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ARCOLA, TX

ARCOLA, TEXAS. Arcola is at the junction of Farm Road 521 and State Highway 6 and the intersection of the Atchison, Topeka and Santa Fe and the Missouri Pacific railroads, twenty miles east of Richmond in southeastern Fort Bend County. The site is on part of the league granted in 1822 to David Fitzgerald, one of the Old Three Hundred. A large portion of the grant was sold to Jonathan Dawson Waters in the middle 1840s. By acquiring the whole league in 1850, Waters became the owner of one of the largest cotton and sugar plantations in Texas, which he called Arcola. The Houston Tap Railroad was built through the area of the plantation in 1858. After Waters' death the plantation lands were purchased by Col. T. W. House of Houston. The Arcola community was formed predominantly by freed slaves. A post office was established in 1869 and served off and on until 1920. Arcola became a railroad junction in 1878 when the Gulf, Colorado and Santa Fe was built through the county. By 1884 the community had a sugar mill, two steam gristmill-cotton gins, two general stores, a Baptist church, and a school. In 1903 the Arcola school district had two schools serving forty-two white pupils and four schools serving 176 black pupils. In 1914 the community had an estimated fifty inhabitants and one general store. In 1940 Arcola had a church, a school, the Riceton-Arcola cemetery, and four businesses. Arcola's population slowly grew to 120 in 1949, 299 in 1968, and 661 in 1986, when the community incorporated. Some of its growth may be attributed to its proximity to Houston. Arcola had two churches, a school, and a number of scattered dwellings in 1980 and a population of 666 in 1990. The population grew to 1,048 in 2000.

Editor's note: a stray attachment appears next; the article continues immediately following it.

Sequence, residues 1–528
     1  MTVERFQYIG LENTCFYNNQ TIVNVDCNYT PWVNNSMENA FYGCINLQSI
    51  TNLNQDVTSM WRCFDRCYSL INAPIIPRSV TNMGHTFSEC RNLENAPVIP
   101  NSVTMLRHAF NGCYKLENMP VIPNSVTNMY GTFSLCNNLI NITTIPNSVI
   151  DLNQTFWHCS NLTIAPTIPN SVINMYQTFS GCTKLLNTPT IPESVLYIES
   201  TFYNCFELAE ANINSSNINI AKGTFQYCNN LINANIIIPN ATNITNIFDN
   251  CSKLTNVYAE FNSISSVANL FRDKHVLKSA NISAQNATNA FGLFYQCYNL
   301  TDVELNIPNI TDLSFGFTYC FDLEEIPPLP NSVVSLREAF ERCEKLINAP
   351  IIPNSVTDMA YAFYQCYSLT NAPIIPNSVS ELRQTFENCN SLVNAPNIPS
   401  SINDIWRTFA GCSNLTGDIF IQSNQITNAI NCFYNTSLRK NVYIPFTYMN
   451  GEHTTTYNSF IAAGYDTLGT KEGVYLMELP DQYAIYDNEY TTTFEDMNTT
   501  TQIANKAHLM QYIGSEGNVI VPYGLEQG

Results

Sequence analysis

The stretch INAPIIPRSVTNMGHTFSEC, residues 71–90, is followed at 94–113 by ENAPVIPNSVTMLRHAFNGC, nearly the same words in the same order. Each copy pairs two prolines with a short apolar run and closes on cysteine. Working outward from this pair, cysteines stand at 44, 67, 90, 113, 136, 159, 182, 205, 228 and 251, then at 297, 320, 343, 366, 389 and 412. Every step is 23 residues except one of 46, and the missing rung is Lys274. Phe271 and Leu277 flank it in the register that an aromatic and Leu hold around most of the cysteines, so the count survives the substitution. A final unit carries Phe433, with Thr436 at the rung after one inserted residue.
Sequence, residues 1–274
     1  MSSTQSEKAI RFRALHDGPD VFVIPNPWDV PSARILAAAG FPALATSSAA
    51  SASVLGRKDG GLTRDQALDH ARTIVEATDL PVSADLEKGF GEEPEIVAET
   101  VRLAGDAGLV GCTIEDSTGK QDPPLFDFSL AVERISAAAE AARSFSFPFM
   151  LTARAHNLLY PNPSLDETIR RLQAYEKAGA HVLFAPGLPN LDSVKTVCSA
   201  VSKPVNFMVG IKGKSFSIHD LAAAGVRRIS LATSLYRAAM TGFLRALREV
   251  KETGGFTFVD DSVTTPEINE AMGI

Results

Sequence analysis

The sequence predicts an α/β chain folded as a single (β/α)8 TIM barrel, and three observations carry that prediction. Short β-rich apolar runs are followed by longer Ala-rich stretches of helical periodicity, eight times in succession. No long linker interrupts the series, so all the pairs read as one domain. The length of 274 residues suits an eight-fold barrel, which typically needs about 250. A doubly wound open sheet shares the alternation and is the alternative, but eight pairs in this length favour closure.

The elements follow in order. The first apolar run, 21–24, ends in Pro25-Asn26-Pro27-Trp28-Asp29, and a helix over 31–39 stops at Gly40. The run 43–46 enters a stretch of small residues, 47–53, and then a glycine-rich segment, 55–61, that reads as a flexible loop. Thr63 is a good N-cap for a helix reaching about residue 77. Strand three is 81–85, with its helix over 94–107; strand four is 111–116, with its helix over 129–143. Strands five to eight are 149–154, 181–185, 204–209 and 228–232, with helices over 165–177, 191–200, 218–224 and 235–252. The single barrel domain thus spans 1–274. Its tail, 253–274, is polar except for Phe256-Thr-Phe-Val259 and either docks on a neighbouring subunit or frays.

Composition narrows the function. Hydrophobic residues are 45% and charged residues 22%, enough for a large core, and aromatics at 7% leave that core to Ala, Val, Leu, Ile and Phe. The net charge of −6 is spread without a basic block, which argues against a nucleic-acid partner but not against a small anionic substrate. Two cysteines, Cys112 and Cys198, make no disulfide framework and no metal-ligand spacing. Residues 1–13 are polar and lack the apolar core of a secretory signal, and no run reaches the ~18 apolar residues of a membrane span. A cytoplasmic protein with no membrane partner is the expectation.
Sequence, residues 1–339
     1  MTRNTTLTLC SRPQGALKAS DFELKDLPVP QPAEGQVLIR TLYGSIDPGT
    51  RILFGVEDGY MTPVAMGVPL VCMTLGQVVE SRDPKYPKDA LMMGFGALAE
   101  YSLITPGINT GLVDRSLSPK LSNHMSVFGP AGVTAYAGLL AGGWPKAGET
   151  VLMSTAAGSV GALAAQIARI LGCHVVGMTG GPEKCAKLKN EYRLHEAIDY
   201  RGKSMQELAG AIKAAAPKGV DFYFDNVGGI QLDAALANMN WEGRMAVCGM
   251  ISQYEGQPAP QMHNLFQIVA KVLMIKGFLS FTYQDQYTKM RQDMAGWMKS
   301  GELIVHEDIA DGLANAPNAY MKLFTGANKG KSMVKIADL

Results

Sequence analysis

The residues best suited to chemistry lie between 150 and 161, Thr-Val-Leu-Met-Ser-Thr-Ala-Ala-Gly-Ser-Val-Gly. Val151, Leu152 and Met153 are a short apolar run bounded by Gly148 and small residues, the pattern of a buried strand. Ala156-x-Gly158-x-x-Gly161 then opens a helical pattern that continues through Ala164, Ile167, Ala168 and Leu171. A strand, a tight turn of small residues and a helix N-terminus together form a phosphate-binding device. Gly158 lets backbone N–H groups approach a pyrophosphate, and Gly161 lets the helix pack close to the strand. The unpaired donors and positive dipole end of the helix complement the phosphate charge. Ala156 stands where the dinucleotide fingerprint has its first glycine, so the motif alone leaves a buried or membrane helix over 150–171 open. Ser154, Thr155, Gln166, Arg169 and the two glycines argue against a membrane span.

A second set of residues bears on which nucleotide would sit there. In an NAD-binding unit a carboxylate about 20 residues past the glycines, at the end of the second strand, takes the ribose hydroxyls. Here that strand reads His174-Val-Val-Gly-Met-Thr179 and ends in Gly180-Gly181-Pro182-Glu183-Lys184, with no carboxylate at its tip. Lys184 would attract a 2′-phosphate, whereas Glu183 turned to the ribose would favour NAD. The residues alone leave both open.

Mark Odintz

Citation

The following, adapted from the Chicago Manual of Style, 15th edition, is the preferred citation for this article.

Mark Odintz, "ARCOLA, TX," Handbook of Texas Online (http://www.tshaonline.org/handbook/online/articles/hna39), accessed October 24, 2014. Uploaded on June 9, 2010. Published by the Texas State Historical Association.
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